Not many can say that their shed was officially opened by an Ambassador, but that is the case for Innisfree Housing Association’s ‘Men’s Shed’ at one of its sheltered schemes, Clochar Court in Harlesden.
To be fair, this is no ordinary shed. It builds on a concept for community investment first begun in Australia in the 1990s and targeted at men experiencing mental health issues or having problems with transitioning into retirement. The Innisfree ‘Men’s Shed’ – which actually provides for men and women – is a large communal space where people can work alongside each other on practical projects such as woodwork, furniture repair and basket weaving.
The spur for this particular approach to community investment, was the results of a census which showed that Irish residents in Brent who were over 65 were more likely to live on their own than any other group. Experience elsewhere had demonstrated that the ‘Men’s Shed’ approach reduces social isolation and provides an informal support network for what can often be hard to reach groups.
The summer of 2017 saw the Innisfree shed being officially opened by His Excellency, Mr Dan Mulhall, the Ambassador of Ireland to Great Britain in his final engagement before his move to become Irish Ambassador to the United States!
Since then it has gone from strength to strength and is a hive of activity. Core members – both residents and members – take responsibility for the day to day running of the shed and are experienced in the safe use of the equipment. A creativity enabler has meant that projects ranging from upholstery to the making of troughs, bird houses and feeders have been taken on by the members.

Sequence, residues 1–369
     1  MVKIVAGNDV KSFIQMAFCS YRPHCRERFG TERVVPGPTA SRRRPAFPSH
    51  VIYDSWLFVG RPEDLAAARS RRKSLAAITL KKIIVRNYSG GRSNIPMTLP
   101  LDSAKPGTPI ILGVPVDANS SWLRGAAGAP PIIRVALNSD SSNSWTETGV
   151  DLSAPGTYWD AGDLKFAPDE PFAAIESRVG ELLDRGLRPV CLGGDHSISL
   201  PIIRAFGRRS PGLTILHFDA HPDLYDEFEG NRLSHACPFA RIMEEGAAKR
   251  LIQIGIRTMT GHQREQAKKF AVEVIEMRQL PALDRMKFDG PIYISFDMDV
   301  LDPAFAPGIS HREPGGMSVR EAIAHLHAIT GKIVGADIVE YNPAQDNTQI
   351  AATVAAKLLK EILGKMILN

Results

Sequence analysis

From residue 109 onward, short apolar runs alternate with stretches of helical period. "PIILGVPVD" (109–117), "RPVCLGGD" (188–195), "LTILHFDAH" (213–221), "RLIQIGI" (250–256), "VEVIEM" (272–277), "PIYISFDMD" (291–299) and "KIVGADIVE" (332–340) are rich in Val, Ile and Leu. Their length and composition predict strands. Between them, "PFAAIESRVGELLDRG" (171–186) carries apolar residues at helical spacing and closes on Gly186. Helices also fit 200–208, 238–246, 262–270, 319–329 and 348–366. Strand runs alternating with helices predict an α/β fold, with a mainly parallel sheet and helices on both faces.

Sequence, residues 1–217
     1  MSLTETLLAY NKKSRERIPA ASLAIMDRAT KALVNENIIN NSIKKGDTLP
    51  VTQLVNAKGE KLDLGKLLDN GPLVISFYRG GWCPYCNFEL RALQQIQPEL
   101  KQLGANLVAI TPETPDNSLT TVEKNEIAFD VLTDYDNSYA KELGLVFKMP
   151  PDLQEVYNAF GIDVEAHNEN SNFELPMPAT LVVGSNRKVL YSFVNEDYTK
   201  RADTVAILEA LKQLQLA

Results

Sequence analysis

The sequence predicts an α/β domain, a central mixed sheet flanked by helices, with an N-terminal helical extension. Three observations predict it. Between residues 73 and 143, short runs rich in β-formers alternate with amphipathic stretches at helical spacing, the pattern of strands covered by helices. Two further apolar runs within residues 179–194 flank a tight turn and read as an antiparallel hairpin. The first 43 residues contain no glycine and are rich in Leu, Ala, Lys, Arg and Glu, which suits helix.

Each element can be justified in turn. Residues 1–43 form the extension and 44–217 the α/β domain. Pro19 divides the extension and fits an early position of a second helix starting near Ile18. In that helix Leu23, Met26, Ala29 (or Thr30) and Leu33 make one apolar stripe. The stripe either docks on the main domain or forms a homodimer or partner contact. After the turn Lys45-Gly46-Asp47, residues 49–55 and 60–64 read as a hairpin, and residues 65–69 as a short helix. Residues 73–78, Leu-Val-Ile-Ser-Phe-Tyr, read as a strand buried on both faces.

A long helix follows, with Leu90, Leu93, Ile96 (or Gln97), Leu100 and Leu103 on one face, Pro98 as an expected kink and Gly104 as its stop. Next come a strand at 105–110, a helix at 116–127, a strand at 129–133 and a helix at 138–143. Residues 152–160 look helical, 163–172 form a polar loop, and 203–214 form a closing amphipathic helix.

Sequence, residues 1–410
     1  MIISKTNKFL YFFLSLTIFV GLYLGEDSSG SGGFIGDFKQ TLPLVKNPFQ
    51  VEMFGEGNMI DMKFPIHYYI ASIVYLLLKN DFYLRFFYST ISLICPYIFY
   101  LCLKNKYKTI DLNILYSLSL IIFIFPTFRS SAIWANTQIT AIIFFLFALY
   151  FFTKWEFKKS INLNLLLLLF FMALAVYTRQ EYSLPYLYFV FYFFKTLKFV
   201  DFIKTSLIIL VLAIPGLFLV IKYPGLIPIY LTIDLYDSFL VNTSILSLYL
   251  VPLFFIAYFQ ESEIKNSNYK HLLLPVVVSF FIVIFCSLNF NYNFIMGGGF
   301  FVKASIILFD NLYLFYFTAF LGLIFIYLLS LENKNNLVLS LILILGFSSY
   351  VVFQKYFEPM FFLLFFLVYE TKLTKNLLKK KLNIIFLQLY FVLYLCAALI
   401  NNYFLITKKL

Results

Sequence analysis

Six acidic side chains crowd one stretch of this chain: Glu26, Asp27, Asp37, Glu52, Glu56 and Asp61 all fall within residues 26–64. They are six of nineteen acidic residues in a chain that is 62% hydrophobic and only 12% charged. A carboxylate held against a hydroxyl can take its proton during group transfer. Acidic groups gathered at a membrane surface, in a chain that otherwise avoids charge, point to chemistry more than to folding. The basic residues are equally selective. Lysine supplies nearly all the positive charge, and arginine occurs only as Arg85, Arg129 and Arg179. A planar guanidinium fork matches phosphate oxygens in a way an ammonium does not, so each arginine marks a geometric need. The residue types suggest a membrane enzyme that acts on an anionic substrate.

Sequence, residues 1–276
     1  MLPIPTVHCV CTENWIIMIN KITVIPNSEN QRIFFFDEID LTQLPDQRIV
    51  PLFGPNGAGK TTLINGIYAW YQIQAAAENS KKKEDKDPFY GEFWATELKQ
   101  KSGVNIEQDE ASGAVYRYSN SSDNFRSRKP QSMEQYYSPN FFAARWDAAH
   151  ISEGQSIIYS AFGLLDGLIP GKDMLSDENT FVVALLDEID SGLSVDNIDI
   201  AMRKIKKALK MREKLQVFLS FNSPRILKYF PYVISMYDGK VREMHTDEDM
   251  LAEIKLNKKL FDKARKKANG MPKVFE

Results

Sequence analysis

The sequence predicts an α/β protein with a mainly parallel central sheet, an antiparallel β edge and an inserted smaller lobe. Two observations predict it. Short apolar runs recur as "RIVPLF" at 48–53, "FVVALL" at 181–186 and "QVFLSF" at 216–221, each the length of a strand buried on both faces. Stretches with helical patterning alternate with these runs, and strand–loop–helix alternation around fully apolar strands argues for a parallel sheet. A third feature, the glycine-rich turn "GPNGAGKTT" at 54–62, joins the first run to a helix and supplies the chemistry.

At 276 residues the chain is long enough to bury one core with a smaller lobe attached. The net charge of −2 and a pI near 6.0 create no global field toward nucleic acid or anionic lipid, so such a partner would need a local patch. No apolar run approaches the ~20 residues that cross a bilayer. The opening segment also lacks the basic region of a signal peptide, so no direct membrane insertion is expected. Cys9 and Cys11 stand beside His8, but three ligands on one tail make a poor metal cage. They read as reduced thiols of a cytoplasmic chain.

One resident, Neely, took on the job of restoring two chairs that were donated to the project. These chairs were very well crafted in Bulgaria and Neely saw the potential to upcycle them. He sanded them down, applied a primer, undercoat, overcoat and finally a finishing coat. Neely knew an elderly lady who needed a couple of chairs, so he was delighted to be able to provide her with them. He enjoyed the creativity and seeing the finished product gave him a great sense of satisfaction and achievement.
The project continues to evolve and, as is often the case with successful community investment, the “return” is evident for all to see. Innisfree hopes to quantify the impact of the project in order provide the evidence needed to encourage others to adopt a similar approach in their communities.
The project, initiated by Innisfree, was made possible with the support of O’Donovan Waste Disposal (who provided the shed), Carfreys (who refurbished it), Irish in Britain, and the Department of Foreign Affairs and Trade (Ireland) who have continued to provide revenue funding for the scheme through their Emigrant Support Programme.